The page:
After weeks of innuendos and show hearings, Republicans on the House Homeland Security Committee have finally released the actual impeachment resolution against Homeland Security Secretary Alejandro Mayorkas, ahead of a hearing today in this kangaroo court.
Those who’d hoped that the resolution itself would provide some clarity on what exactly it is that the Republicans are accusing Mayorkas of doing will unsurprisingly be disappointed. The document features much hand-wringing and little substance, not that this will stop the process.
It’s nothing new for a political party to showboat about dissatisfaction with the cabinet of an opposite-party president, and it is in fact the role of Congress to act as the ultimate check against misconduct by executive officials. This isn’t just a nasty press release, though.
Impeachment under the U.S. Constitution requires that the perpetrator have committed “treason, bribery, or other high crimes and misdemeanors.” The latter phrase is ill-defined in the law, but certainly does not encompass political disagreement or electoral expediency.
Those are the real charges, of course, not the formal charges, each more laughable than the last. The authors begin by railing against Mayorkas for having supposedly ignored multiple migrant detention mandates in the law, without mentioning that a) every single immigration enforcement administrator going back to before the Department of Homeland Security even existed has done that, largely because b) actually detaining every single eligible person is simply not practically possible.
This was the case under Donald Trump just as much as it’s been the case under Joe Biden, yet we don’t seem to remember an impeachment push for any of Trump’s DHS secretaries (who, for the last nearly two years of his tenure, were not Senate-confirmed and then found to have been unlawfully appointed).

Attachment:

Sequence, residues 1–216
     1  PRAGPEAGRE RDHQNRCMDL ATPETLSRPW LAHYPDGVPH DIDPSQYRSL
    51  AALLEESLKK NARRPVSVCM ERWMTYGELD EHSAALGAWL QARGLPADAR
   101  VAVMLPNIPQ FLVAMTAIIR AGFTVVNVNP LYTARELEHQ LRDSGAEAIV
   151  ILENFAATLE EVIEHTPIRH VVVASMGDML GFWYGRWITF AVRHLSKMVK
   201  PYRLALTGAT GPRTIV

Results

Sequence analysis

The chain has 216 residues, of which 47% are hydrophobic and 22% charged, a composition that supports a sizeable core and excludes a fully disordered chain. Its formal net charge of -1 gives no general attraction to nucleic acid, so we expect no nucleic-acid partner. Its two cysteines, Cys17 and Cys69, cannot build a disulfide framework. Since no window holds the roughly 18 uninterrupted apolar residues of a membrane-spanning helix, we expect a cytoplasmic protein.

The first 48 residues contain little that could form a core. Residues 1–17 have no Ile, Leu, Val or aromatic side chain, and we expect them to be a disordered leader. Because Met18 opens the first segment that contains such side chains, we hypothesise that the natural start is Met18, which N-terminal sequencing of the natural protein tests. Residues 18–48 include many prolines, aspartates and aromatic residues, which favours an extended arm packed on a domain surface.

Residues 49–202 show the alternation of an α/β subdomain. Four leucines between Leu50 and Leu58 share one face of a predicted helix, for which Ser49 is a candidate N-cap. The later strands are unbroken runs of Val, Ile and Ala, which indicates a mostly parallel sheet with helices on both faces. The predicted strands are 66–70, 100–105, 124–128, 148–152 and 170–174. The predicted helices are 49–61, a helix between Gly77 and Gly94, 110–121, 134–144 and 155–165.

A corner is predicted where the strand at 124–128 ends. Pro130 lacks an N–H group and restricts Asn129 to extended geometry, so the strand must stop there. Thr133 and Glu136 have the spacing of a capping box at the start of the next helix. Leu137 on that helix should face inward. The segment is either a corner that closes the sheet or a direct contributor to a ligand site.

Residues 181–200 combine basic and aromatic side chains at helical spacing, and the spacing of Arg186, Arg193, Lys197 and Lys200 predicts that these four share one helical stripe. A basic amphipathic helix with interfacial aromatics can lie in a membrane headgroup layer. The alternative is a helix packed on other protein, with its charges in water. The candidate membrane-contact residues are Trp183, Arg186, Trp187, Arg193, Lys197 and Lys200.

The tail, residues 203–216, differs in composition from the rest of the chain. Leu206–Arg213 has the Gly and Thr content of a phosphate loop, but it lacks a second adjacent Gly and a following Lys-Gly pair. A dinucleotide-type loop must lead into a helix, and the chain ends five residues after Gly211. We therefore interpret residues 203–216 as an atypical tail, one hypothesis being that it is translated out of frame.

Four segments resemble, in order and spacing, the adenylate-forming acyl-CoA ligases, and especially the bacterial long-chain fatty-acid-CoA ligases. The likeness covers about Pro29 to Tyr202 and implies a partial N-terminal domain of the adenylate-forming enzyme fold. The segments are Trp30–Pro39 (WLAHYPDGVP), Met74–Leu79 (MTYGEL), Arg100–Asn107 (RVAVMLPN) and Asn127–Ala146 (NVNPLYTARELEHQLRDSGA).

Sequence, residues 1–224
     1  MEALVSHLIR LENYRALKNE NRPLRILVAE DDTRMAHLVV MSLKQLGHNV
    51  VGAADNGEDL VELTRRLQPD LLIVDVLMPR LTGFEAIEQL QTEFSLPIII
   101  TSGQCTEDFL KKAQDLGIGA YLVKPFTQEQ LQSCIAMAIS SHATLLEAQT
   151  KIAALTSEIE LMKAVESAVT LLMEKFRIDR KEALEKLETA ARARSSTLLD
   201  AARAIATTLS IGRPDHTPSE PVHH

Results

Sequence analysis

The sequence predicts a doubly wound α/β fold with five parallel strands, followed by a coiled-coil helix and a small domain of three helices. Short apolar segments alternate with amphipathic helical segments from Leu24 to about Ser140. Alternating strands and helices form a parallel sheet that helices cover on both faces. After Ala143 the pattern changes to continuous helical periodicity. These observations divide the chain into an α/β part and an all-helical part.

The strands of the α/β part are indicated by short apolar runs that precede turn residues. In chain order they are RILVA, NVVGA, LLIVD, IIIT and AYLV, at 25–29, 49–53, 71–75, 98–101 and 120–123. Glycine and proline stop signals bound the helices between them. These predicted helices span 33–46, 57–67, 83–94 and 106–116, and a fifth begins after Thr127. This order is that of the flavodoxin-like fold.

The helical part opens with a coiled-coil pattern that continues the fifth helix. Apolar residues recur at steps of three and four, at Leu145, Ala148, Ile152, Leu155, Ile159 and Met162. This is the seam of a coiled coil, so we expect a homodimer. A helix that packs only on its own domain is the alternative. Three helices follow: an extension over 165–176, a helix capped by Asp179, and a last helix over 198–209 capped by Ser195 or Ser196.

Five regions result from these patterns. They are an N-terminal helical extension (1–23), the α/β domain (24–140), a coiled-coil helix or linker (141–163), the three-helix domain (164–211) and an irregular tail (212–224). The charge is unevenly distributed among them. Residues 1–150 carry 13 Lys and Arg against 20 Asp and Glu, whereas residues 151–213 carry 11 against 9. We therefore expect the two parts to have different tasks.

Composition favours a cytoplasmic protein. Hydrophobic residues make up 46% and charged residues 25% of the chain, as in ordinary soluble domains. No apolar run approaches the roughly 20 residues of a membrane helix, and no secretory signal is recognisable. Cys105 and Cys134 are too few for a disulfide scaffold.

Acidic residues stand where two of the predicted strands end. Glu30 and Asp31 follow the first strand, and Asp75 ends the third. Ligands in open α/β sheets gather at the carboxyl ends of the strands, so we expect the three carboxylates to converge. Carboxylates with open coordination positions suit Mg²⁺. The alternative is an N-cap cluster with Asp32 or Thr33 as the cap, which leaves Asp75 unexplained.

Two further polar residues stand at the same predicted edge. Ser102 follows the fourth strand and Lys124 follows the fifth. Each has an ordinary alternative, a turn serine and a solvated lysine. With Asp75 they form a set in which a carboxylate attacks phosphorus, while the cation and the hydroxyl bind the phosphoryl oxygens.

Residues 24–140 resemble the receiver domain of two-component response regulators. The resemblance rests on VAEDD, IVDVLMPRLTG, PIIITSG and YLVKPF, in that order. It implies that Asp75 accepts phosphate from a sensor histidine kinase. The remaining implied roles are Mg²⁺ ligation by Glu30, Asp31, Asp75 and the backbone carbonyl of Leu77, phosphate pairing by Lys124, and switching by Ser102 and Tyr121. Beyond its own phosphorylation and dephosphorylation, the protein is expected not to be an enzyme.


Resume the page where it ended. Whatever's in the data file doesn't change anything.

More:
The Republicans are also very upset that Mayorkas, at the direction of the White House, instituted a mass parole program to allow would-be asylum seekers to enter the country in an orderly fashion and with U.S.-based sponsors instead of through chaotic border arrivals, which is a bit eyebrow-raising given that the latter situation is what they claim to be incensed about.
Separately, the secretary stands accused of breach of public trust for, basically, refusing to tell the congressional GOP exactly what they wanted to hear and not complying with each and every one of their ridiculous demands. The committee finishes off by calling Mayorkas, who for all intents and purposes is about as middle-of-the-road career federal official as you can get, “a threat to national and border security, the safety of the American people, and to the Constitution.”
If we’re talking about true threats to the constitutional order, we’d actually propose this shame itself as a prime example. This isn’t even really about whether one thinks Mayorkas has done a particularly good or particularly poor job, but the principle that an impeachment is a heavy-duty remedy reserved for only the most egregious conduct.
For Republicans to make a mockery of what was intended to be a weighty proceeding is just one more in their series of moves away from the democratic political order that has, while imperfect, survived as much as a Civil War before. Even if the House formalizes the impeachment, the Senate will never convict, but damage is done nonetheless.